Monday, 29 October 2012

Nature Study Idea: Listen

I was enjoying another afternoon on my front porch. It was wonderfully warm last week even though it is the end of October, we reached a high of 22 Celsius (that's 'add 32....' and do the hokey-pokey to make it Fahrenheit). Well, it was sunny and warm enough to be in a t-shirt and bare feet.  I was doing the Ken Ken and Sudoku puzzles in the newspaper when I thought I could hear leaves falling. They were.

Upon investigation I saw at least a dozen robins in my mountain ash tree.  They were pecking off and eating the orange berries that are left on it this time of year. The sound was the birds movement disturbing the fragile grip the yellowed leaves had on their branches. I could also hear some of the berries that got knocked off fall through the leaves and hit the roof and rain gutters.

Lucky shot of one of the robins with the berry in his beak,
they swallow them whole as far as I could tell.

I also could hear crickets.  It is a nice sound when hearing them on the outside. When even one gets trapped, or I think some come purposefully, in my house it is quite loud and annoying.  I am quite an expert on catching them and releasing them out my door.

I was still enough hear a rustle then see the black and white cat that lives under the mountain ash dart away probably because falling berries were disturbing his nap. I am sure he sleeps on my cushioned chairs on the front porch when I'm not looking.

The Canada geese are hard to miss, their constant honking announces that you will see their V in the sky as they pass over. Follow their path long enough to see them switch places and catch up with each other.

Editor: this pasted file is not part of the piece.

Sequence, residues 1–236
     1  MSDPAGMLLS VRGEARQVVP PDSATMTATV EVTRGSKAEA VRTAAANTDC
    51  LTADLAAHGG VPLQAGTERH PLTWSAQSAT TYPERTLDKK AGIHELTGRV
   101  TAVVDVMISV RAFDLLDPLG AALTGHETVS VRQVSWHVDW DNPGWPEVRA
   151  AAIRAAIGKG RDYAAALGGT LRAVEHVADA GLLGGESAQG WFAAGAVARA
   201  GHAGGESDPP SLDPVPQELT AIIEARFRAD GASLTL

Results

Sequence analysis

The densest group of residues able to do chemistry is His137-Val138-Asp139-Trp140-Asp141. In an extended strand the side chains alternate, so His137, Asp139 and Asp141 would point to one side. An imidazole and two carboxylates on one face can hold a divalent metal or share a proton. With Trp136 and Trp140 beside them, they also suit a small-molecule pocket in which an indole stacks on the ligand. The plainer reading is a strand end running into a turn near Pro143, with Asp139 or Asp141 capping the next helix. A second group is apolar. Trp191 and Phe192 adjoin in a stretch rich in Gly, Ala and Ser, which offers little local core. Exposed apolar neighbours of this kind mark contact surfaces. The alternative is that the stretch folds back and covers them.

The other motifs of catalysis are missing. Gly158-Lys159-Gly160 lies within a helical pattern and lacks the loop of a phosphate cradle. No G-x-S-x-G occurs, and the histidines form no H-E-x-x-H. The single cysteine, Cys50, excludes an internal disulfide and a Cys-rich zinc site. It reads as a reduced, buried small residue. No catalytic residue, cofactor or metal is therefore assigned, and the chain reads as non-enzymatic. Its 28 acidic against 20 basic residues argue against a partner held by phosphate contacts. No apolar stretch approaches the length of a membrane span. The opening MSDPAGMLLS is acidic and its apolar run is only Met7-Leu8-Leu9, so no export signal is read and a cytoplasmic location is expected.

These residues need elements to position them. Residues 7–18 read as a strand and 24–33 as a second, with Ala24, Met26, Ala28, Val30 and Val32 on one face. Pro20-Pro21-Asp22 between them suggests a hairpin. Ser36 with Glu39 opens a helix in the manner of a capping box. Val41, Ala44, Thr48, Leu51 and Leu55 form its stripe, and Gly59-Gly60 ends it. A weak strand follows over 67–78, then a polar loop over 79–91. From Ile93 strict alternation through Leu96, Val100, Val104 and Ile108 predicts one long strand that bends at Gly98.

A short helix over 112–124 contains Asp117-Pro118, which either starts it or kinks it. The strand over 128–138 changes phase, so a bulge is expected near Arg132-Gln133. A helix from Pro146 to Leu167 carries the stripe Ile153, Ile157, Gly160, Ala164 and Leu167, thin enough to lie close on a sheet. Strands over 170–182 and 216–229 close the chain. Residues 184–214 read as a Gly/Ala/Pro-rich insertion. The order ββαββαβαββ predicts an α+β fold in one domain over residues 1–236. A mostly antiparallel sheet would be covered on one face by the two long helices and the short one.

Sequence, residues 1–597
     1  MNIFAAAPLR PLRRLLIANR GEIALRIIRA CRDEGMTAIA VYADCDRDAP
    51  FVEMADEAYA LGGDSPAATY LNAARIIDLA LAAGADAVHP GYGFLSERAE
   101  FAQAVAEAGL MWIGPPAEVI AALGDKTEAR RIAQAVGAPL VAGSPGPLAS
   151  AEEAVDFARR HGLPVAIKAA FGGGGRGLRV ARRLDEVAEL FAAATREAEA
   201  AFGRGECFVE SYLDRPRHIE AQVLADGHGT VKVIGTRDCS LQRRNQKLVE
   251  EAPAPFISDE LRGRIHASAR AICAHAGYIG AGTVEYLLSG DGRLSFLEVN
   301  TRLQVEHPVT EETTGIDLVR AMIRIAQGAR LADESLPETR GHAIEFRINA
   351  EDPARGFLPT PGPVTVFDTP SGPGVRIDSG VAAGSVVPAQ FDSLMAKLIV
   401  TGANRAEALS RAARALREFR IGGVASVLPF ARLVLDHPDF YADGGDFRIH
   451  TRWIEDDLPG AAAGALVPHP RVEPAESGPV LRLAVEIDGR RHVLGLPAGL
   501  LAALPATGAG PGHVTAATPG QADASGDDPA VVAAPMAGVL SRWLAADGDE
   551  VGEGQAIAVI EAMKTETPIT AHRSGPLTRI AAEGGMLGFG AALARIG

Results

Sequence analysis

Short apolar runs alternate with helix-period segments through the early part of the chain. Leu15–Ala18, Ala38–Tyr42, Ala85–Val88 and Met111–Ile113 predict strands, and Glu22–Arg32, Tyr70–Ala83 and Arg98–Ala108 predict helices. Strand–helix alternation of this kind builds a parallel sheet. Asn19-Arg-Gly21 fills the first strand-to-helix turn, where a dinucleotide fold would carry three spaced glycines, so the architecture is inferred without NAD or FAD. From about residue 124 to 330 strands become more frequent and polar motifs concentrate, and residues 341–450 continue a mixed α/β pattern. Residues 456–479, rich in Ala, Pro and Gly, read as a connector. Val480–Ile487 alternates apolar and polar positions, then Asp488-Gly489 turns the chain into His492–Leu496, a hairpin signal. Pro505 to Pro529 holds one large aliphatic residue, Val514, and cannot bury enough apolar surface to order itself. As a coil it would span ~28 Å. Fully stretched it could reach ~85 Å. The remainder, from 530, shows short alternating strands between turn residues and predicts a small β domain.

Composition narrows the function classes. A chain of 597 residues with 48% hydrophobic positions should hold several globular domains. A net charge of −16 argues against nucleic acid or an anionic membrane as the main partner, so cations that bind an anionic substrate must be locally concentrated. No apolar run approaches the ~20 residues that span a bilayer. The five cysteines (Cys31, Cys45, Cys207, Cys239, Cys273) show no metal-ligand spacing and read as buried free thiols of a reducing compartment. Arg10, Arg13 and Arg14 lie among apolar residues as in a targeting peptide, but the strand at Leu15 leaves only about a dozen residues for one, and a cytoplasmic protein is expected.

So listen.  In order to listen you must remain still for longer than 10 seconds. To help restless children settle down try reading a poem or tell a story to them first, the constant sound of one voice will give courage to the wild creatures to come back round. If they are truly a rambunctious lot, let them run through the trail first and near the end they might be more willing to settle down.  Or have lunch outside to keep their hands and mouths busy enough to let their ears hear. And don't forget your own front porch, there is no need to travel too far to hear new things.

Listen. It will draw your attention further than your eyes can immediately see.
Listen. It will change the sense of space you feel around you.
Listen. You might see a flock of robins eating berries in a mountain ash tree.
Listen. Sit quietly you may observe something extraordinary and unexpected.
Listen. Creation is speaking.

Wednesday, 24 October 2012

Nature Study Idea: Seeds

It's that time of year where the seed pods are revealed after the leaves have fallen: 

1. go on a quest for what has produced seeds.  
2. collect some seeds and mark them carefully for planting in your own garden or
3. share with someone who is willing to send you their seeds. I would be willing to send you some of mine.
4. sketch some of the different shapes of pods and seeds noting what plants they they are from.
5. if your students find something else more fascinating while searching for seeds, then explore and sketch what has attracted their attention instead.  The point is to get them noticing.

Here are some of my plants that have produced seeds: